One of the reasons that make it difficult to measure the prevalence is because of the variety of definitions used to define prescribing errors and medication errors. In recent studies (12), researchers even created and used their own definition instead of using more widely used definition such as the definition developed by Dean et al.(32). It has been suggested that the choice of definition has an impact on the rationale for conducting the research (33). Researchers should state the reasons why they have chosen a particular definition and provide a clear explanation in their studies. Otherwise, it is difficult to compare the data from different studies or use the data wisely as a component of clinical governance since the definitions might vary (32).

Moreover, it was found that different methods of data collection can identify different errors types, and very few of those errors overlap (34). Therefore, in order to achieve a full picture of incidence of prescribing errors, a combination of methods should be used (34). Methods of detecting prescribing errors such as prospective detection, retrospective review and spontaneous reporting are commonly used. Studies may be classified according to whether they focus on outcome or process and whether study designs are retrospective or prospective. Process based method focuses on the process of writing the order that include potential errors; outcome based method focuses more on errors that lead to adverse drug reactions (34).

1.7 Limitations of prescribing error research from psychiatry settings

The previous UK studies focusing on prescribing errors in psychiatry were done by Haw, C and Stubbs, J in 2003 and 2006 (23, 24). One study(24) focused on only one psychiatric hospital and another(23) focused on 16 different psychiatry sites in England and Wales. In these two studies, they used the same denominator, which was the number of total checked prescription items, and same methodology to calculate the error detection rate. Their findings were also very similar. Stubbs, J. et al was strengthened in that it was conducted in multiple hospitals and collected a large amount of data; the definitions, severity scale and taxonomy of error types were validated.

However, limitations could arise as it was suggested that denominators, methodological approaches, and definitions could influence the conclusions (35). The weakness of these two studies was that pharmacists did not know whether the errors had been recorded and some records might have been duplicated. Hence, the error rate could have been underestimated. In addition, both studies (23, 24) did not mention which age group of patient and which specific type of ward (e.g. elderly care) were at the highest risk of prescription errors. The prescribing stage that the errors occurred at were also not identified and recorded in these two studies. Although grades of prescribers who made the errors were reported, there were only three categories: Consultant psychiatrists, Non-consultant psychiatrists and unknown prescribers. They did not specify whether junior doctors made more errors or senior psychiatrists made more errors within the category of non-consultant psychiatrists.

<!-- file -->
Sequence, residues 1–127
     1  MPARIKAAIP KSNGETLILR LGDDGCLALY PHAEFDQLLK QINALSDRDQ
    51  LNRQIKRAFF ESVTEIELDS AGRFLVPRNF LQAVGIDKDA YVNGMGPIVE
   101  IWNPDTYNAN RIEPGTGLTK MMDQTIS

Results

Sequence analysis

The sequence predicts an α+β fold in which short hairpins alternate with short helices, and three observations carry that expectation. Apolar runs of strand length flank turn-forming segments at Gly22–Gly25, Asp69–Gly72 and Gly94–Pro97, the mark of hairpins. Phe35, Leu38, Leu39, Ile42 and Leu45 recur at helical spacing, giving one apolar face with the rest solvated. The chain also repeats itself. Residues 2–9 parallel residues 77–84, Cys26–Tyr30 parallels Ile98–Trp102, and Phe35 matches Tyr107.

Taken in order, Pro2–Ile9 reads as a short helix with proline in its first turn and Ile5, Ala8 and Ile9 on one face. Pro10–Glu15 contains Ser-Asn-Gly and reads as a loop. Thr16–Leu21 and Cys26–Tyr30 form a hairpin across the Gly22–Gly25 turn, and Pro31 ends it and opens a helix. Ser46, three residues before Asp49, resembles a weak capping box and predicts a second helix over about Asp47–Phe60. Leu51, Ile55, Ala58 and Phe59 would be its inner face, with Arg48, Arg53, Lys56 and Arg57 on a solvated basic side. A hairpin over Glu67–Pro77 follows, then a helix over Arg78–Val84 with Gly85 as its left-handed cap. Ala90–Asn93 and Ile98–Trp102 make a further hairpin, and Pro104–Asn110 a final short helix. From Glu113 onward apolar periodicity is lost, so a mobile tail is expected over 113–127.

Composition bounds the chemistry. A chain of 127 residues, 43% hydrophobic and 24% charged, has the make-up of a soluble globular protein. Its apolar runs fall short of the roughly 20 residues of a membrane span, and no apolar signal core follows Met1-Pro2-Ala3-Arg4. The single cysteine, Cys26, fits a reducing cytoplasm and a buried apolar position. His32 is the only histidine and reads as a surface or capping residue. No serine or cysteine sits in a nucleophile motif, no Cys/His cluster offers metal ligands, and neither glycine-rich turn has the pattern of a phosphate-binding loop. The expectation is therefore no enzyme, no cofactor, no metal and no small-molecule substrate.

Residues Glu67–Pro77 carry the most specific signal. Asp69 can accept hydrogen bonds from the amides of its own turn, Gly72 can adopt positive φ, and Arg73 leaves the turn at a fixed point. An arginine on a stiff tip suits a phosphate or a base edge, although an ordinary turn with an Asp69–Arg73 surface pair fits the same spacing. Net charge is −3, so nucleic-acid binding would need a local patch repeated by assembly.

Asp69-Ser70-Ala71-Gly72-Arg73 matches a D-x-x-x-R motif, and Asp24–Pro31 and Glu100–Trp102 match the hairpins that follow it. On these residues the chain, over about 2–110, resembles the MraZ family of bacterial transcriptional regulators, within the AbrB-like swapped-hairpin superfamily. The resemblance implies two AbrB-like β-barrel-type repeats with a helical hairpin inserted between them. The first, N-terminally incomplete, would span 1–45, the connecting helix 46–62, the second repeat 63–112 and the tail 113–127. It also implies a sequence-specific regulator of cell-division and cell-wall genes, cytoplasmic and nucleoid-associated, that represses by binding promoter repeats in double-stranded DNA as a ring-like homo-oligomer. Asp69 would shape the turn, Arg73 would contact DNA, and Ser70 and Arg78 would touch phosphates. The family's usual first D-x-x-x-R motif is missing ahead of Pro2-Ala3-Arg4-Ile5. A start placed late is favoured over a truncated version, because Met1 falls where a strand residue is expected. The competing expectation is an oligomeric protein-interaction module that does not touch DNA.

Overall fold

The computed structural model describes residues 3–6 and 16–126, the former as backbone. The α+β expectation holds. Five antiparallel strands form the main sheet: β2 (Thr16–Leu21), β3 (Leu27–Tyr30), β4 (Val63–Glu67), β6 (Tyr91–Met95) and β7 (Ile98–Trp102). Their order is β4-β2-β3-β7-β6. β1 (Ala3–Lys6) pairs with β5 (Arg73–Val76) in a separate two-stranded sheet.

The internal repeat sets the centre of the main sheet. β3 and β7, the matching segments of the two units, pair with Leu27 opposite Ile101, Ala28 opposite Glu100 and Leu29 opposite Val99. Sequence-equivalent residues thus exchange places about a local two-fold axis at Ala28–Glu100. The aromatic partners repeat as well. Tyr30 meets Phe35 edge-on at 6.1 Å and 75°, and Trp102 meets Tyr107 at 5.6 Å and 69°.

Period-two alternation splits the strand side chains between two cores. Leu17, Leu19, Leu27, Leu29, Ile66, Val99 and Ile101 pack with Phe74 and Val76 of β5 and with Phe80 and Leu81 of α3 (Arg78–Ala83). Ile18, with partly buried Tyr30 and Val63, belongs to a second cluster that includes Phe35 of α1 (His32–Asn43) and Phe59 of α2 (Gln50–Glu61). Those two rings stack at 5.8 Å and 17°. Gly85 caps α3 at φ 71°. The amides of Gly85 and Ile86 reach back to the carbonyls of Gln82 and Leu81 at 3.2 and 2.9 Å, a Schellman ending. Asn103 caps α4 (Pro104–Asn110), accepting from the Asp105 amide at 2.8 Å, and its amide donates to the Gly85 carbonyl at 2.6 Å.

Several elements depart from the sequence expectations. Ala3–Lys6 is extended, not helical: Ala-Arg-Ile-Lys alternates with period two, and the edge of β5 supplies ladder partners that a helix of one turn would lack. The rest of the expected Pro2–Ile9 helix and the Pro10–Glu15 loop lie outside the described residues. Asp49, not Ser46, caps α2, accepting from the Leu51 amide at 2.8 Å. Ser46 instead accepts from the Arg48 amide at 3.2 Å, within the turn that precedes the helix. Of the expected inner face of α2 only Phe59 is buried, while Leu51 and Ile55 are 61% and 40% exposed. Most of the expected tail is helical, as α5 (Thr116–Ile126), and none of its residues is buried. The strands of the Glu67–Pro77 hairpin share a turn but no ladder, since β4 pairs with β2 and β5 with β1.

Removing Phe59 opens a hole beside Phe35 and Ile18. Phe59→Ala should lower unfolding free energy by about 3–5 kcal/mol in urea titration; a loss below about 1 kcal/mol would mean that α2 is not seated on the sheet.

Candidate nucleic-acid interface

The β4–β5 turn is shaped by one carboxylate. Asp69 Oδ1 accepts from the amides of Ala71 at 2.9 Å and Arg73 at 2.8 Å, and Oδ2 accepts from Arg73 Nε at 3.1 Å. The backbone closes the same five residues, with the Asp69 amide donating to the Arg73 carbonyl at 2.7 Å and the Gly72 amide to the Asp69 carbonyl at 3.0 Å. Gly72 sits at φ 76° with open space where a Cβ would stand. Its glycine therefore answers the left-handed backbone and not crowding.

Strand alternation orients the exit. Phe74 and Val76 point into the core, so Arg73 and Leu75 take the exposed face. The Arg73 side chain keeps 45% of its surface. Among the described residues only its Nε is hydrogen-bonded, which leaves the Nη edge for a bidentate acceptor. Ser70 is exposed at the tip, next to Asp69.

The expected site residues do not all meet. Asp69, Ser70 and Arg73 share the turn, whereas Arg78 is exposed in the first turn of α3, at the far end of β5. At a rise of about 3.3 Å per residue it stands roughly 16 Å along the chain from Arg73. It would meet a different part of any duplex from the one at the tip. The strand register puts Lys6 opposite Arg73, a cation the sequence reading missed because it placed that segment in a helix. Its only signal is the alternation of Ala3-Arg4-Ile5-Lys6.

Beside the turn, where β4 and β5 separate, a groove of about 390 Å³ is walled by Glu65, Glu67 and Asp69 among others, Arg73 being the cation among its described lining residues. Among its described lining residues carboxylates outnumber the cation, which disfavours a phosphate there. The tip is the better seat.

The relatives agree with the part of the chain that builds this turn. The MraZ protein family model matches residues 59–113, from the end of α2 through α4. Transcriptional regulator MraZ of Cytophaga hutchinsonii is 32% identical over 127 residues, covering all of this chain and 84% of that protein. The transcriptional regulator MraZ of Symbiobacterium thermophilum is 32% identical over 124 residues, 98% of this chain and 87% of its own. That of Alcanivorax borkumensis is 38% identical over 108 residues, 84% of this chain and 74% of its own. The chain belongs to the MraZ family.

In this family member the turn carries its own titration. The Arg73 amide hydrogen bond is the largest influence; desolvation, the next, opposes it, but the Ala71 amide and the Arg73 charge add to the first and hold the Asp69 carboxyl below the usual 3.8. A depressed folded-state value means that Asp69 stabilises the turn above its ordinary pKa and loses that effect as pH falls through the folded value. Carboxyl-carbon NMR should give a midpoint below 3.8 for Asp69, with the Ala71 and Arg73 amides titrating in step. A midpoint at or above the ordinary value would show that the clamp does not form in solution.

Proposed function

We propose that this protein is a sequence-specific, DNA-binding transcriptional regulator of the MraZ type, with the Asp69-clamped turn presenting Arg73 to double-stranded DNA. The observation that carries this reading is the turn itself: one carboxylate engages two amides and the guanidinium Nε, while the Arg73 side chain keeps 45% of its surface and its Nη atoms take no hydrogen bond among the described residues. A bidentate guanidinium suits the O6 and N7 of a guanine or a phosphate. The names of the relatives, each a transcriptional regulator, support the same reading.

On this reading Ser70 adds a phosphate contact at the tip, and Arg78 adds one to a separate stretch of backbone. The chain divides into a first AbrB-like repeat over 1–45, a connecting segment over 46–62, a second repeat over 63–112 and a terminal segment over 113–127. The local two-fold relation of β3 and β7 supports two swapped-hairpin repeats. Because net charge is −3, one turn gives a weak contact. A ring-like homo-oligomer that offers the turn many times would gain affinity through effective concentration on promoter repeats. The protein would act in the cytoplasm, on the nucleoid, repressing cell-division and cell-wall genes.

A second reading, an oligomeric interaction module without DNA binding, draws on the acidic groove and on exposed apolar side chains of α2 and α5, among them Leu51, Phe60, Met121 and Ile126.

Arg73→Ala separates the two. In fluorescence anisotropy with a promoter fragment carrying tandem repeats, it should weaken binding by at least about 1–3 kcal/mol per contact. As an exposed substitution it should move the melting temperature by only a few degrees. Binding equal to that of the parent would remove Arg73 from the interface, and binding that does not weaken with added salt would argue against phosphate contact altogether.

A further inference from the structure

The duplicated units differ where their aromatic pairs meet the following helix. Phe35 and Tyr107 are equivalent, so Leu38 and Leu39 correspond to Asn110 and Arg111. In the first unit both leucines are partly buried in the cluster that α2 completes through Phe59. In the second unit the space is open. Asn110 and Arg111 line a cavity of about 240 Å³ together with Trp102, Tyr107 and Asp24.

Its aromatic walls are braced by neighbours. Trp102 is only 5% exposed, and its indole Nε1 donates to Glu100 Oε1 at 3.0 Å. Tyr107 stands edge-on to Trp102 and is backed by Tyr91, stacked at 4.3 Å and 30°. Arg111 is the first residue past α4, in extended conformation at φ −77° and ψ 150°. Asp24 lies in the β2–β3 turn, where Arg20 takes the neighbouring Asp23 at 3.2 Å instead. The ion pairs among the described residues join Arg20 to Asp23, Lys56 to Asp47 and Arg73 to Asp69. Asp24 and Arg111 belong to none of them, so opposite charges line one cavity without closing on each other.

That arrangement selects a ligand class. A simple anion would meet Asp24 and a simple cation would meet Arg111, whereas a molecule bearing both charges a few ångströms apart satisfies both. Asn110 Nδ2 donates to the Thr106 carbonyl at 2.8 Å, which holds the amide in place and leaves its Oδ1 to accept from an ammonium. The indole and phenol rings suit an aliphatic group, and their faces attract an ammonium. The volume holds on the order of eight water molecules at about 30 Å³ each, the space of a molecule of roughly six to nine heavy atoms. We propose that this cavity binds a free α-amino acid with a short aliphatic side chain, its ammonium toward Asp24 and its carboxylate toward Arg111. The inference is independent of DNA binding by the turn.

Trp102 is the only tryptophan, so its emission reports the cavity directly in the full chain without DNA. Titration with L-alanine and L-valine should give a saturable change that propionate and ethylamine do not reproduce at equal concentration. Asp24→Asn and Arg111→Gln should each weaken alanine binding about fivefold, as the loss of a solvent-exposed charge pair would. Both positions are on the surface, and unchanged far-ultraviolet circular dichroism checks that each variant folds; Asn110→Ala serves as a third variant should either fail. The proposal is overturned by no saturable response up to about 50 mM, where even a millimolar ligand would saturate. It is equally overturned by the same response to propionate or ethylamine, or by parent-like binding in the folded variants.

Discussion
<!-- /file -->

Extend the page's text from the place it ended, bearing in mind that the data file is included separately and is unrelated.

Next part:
A USA study, which used a retrospective data collection method, showed a different error rate to the UK studies. The rate of prescribing errors was found to be 165 errors per 1000 patient days, but since the denominator used was patient days rather than prescription items, the results could not be used to directly compare with the UK studies (25).

Another UK study in 2003 (21) also focused on prescribing errors in psychiatry, but instead of prevalence it focused on the nature of these errors. The researchers did not use any denominator and therefore, there was no error rate to demonstrate the prevalence. Also, they did not provide a clear explanation of the definition used for prescribing errors, which could lead to difficulty in comparing data as mentioned above. Moreover, the common clerical errors could possibly be under-reported since a study found that pharmacists only recorded 31% of interventions that they made(36). In addition, this study did not show how prescribing errors were spread across the drug categories; it did not conclude severity scale of prescribing errors and it did not show which age group of patients were at risk of receiving an incorrect prescription.

Furthermore, only a few studies had at least some data on psychiatric elderly patient and no studies have been conducted in child units (4, 27).

3. Method

3.1 Approach

This study was process-based rather than outcome-based as process-base study allowed all errors to be identified including potential error, whereas outcome-based study generally assessed more towards adverse drug events (34). Also, a prospective approach was used as it generated more comprehensive data. A retrospective study was useful in detecting errors that lead to serious outcome. However, a lot of errors were difficult to be identified using this approach owing to the lack of documentation and clinical information of the patient (34).

3.2 Study sites

Three different mental health trusts in the North West of England were involved in data collection so that a set of more representative data was gathered. This study report focuses on the findings from one of the mental health trusts.

3.3 Data collection process

The definition of prescribing error used in this study was that developed by Dean et al. "A clinically meaningful prescribing error occurs when, as a result of a prescribing decision or prescription writing process, there is an unintentional significant reduction in the probability of treatment being timely and effective, or an increase in the risk of harm when compared with generally accepted practice." (32)

Situations relevant only to mental health settings were also included in the definition. "Prescribing a drug without first registering a patient with the appropriate company (e.g. clozapine and ZTAS/CPMS)"; "Prescribing a drug for mental health for a detained patient without the necessary authorisation from a Mental Health Act form (e.g. form T2 or T3, Advance Decision)" (23, 24).